To say that I am surprised by the sheer success of Lion DiskMaker is an understatement. Actually, I thought that Lion DiskMaker could be just a fun project to deal with and would not have much impact, but the incredible response from every part of the planet is quite thrilling. I am really pleased to see such nice comments from every corner of the planet, and it’s really fun to read about Lion DiskMaker in Twitter.
The stats from this blog are quite interesting as well. Usually, I get about 200 visits per day, sometimes around 1200 visits when I publish a blog post. The fact that I write in French, and note quite often, has, of course, some impact on these numbers.
However, Since last Saturday, there’s been more than 85 000 visits, only on the US page. The French version got about 20000 visits. It means both these pages have been seen more than 100 000 times. Quite a big number for me !
And of course, there were donations, some quite big ! Thanks to everyone who sent a donation, this is really, really appreciated !
So, I read quite a lots of articles about Lion DiskMaker these days. I found wonderful to see long reviews of the software in so many different languages. Some people even called me « a programmer » ! Wow ! That is the first time it happened ! But hardly myself consider a programmer. Heck, I did not even make a single application using XCode. My day-to-day job is being an Apple Consultant, writing books in his spare time, not programming stuff.
However, in Mac OS X, there is this powerful tool, which has been there even before Mac OS X, which so many people heard of but never really tried to understand.
Of course, I’m talking about AppleScript.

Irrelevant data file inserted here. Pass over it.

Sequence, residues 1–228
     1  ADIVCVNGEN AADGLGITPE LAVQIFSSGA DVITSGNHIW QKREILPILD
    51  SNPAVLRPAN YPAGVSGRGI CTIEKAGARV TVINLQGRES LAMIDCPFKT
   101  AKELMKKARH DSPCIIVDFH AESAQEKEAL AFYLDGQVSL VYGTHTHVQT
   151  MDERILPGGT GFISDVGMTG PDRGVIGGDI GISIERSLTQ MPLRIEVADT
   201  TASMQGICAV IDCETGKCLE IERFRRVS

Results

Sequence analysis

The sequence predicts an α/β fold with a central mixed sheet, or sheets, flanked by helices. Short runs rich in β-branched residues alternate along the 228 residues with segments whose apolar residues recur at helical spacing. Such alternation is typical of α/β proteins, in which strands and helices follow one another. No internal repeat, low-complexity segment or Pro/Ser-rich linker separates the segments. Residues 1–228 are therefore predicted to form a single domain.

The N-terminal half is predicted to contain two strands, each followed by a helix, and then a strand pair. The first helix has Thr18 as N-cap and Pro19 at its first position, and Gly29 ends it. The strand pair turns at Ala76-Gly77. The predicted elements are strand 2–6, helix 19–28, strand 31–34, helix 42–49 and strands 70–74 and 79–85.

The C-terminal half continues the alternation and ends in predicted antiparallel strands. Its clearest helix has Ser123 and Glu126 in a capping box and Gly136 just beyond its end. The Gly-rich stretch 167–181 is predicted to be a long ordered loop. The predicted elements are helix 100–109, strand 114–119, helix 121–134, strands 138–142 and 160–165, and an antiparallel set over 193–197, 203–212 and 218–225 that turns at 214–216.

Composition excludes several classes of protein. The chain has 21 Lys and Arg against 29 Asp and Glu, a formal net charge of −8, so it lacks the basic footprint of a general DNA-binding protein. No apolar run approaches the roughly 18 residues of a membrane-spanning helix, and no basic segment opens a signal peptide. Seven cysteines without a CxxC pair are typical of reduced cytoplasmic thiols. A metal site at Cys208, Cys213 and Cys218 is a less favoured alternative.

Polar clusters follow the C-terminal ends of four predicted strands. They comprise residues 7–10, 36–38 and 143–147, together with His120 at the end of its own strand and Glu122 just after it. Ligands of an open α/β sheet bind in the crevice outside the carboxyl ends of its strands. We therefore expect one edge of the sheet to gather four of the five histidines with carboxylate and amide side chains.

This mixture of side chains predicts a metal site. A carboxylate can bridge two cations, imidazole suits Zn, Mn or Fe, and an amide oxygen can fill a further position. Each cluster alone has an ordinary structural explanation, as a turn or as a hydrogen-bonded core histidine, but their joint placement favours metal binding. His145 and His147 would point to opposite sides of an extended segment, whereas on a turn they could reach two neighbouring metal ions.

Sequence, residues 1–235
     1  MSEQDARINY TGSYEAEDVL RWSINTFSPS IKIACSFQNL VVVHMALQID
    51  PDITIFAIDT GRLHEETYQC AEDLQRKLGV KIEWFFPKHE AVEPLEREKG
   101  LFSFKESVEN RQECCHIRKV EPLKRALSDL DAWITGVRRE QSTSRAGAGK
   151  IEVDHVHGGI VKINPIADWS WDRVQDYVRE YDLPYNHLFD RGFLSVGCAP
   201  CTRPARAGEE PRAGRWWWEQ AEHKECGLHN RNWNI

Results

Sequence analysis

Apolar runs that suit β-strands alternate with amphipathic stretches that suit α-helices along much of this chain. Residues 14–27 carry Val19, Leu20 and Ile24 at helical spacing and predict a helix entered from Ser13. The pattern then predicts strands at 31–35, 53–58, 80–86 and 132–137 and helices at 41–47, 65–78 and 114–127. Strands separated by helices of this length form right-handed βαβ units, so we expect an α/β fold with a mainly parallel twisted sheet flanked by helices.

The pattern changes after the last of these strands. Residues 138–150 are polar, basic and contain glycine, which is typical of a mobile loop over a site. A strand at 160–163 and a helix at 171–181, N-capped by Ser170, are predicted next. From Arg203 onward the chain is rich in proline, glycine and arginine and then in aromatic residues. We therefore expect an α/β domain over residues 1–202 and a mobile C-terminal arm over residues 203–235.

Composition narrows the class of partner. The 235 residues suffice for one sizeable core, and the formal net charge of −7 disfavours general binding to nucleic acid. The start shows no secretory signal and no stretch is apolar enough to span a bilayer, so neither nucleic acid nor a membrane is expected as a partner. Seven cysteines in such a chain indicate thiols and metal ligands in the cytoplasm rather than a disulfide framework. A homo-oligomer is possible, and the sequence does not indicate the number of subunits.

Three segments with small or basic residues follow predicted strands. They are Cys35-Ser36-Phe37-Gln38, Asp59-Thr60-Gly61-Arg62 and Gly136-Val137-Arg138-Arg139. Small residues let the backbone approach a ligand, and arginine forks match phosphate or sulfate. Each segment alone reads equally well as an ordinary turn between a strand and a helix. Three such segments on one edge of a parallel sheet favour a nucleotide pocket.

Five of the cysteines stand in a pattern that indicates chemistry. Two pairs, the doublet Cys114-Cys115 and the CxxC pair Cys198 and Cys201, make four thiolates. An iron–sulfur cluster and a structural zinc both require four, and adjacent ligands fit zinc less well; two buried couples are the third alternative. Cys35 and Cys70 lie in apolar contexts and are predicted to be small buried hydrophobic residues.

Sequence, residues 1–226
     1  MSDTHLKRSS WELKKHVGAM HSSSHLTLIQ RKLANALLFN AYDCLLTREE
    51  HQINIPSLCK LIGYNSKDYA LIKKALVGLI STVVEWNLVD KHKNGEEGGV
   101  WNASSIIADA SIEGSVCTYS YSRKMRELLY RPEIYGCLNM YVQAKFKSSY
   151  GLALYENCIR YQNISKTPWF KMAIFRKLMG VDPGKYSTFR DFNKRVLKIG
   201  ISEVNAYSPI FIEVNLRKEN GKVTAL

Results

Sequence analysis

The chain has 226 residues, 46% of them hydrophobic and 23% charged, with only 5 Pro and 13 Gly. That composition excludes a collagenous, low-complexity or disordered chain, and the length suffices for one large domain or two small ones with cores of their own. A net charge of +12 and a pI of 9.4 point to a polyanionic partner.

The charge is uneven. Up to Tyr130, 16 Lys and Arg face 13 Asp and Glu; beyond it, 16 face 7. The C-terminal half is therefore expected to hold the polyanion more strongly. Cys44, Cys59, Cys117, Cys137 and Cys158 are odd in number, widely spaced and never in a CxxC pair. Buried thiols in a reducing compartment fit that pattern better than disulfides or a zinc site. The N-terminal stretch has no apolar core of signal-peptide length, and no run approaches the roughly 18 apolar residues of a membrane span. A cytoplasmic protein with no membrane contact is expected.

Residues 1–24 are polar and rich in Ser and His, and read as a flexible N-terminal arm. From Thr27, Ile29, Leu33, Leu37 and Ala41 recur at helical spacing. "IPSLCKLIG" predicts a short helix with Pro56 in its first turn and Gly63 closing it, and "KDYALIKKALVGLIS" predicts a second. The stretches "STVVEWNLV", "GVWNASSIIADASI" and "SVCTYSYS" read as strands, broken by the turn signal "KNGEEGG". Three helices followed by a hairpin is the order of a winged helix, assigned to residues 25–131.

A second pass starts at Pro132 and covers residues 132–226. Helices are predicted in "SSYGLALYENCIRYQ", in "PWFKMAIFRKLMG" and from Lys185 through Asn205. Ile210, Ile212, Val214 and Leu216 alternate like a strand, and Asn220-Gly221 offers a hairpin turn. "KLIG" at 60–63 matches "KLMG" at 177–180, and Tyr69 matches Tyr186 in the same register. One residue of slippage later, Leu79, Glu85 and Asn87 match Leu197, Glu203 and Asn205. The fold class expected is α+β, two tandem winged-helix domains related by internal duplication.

Indeed, AppleScript is far from being a new technology : it arrived in the 90s, with System 7 Pro . It was almost canceled as a time, then resurrected and got an incredible boost in Mac OS 8.5. If you want to read a thorough history of AppleScript, check this PDF.
However, since its arrival on Mac OS X, AppleScript earned some bad reputation : its syntax is complicated, it can be difficult to do what you want with it, there are other languages which you can use, like Python, Ruby, tcl… These are comments coming mostly from experienced programmers, not common users.
But the thing is, I am not a programmer. Really. I never learnt C or Pascal at school, I never tried to get C# or Objective-C, or Java, or Ruby or tcl or whatever classic language you may think of. Maybe I tried to learn a bit of BASIC, but it was a long, long time ago. Even HTML is sometimes difficult to get for me (though less complicated than the usual suspects). I don’t dislike these languages. I tried to study them, to understand them. But I always thought they were too complicated for me.
When applications implement it properly, you can do amazing things while writing (almost) just plain English. Lion DiskMaker is an ode to my love for AppleScript : though I don’t use it as often as I would like too, I managed to create this application in a few hours, just using the basic AppleScript Editor. Of course, there is some magic inside, and it is provided by the incredibly powerful do shell script command, which can quite easily supply AppleScript the missing commands it would need. Because AppleScript has its limits, which sometimes are a bit too low. But it is not a problem with AppleScript, rather a problem of implementation. And Apple seems ready to improve AppleScript by introducing AppleScriptObjC, which, honestly, I did not try to get into… Not enough time, sadly :(
« Real » developers may laugh because Lion DiskMaker is written with AppleScript. But at the end of the day, we should just see the result. The language behind is just a tool. If AppleScript allowed to create something like Lion DiskMaker, then it means it’s as good as a language as « grown-up » scripting languages while still being easy to understand by non-developpers.
And this, really, is an incredible achievement for AppleScript. If I managed to create Lion DiskMaker almost all by myself, it means that Apple succeeded with AppleScript by making scripting accessible to almost anyone.